Iraqi Kurdistan has asked oil companies operating in the autonomous region for $50 million to help deal with an influx of refugees from Syria that has put a strain on its resources.
Around 200,000 refugees, many of them from Syria’s own Kurdish minority, have poured into the self-ruled enclave in northern Iraq since the start of the conflict more than two years ago.
The number of refugees crossing monthly into Iraqi Kurdistan surged to more than 40,000 in August after rebels fighting to overthrow Syrian President Bashar al-Assad made incursions into the country’s northeast, where many Kurds reside.
“Given the huge scale of the crisis and the number of refugees arriving daily we all need to work together to provide more urgently needed help,” Kurdistan’s minister for natural resources, Ashti Hawrami, said in a statement.
The Kurdistan Regional Government pledged to match contributions from the oil industry dollar-for-dollar.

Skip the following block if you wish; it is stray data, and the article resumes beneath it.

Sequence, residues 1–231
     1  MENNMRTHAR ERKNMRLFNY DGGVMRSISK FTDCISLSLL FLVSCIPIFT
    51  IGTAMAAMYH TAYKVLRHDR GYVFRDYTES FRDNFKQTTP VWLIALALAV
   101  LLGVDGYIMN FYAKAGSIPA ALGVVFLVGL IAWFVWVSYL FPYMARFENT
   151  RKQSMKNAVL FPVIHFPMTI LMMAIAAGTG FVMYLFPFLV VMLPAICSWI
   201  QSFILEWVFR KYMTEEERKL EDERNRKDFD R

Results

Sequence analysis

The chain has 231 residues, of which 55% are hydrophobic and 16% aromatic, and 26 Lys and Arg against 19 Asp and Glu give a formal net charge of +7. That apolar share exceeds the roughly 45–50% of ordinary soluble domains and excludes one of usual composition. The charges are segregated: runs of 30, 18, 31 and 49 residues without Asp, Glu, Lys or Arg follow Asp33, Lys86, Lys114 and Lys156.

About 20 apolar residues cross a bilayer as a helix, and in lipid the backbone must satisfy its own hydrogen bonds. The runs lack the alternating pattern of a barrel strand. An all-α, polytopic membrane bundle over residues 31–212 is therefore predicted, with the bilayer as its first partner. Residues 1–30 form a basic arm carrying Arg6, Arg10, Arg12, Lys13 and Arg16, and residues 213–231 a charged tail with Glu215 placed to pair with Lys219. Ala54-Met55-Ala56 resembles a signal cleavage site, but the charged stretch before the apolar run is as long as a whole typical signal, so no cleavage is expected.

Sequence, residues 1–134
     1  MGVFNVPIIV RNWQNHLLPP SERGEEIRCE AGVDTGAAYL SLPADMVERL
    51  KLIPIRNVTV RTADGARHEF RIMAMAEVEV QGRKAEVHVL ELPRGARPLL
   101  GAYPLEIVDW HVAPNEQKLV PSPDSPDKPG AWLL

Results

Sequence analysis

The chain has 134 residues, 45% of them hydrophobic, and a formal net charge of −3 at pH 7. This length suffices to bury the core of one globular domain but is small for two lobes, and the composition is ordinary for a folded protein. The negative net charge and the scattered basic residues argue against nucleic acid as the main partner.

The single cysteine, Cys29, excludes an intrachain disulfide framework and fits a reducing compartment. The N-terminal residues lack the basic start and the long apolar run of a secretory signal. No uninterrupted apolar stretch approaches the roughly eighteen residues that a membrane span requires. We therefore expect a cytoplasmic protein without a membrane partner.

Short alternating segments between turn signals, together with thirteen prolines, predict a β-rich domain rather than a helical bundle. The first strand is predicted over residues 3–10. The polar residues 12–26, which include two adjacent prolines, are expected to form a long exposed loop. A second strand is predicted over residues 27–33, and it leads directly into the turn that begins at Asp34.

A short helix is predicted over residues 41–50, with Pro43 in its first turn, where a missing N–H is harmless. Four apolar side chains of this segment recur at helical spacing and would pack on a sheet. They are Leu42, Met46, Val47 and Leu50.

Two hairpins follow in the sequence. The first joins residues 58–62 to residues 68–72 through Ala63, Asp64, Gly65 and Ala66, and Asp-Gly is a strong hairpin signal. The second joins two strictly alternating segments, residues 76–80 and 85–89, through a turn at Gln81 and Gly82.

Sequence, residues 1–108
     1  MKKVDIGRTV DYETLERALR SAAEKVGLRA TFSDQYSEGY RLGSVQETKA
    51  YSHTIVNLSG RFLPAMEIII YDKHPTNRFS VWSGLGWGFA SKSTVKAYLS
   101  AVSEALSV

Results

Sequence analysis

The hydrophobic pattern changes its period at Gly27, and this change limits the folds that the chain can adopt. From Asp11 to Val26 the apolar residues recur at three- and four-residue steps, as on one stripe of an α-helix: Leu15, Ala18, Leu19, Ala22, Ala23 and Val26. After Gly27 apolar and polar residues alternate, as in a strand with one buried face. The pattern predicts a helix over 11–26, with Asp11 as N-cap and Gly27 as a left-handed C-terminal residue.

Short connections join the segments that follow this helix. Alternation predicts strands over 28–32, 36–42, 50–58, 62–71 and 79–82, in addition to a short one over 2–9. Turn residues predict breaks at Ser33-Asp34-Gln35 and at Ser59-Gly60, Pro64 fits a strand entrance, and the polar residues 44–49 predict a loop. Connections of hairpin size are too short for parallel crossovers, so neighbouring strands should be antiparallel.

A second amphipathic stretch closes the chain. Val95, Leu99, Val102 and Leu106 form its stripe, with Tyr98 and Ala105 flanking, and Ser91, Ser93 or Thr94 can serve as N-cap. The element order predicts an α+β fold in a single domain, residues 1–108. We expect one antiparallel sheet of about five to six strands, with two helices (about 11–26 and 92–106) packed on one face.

In recent years, Kurdistan has signed lucrative contracts on its own terms with oil majors such as ExxonMobil and Chevron Corp, antagonising the Iraqi central government, which claims sole authority to manage the country’s crude.
A near 10-fold increase over the past 12 months in the rate of refugees crossing Syria’s borders into Turkey, Iraq, Jordan and Lebanon pushed the total living abroad above 2 million earlier this month, the United Nations said.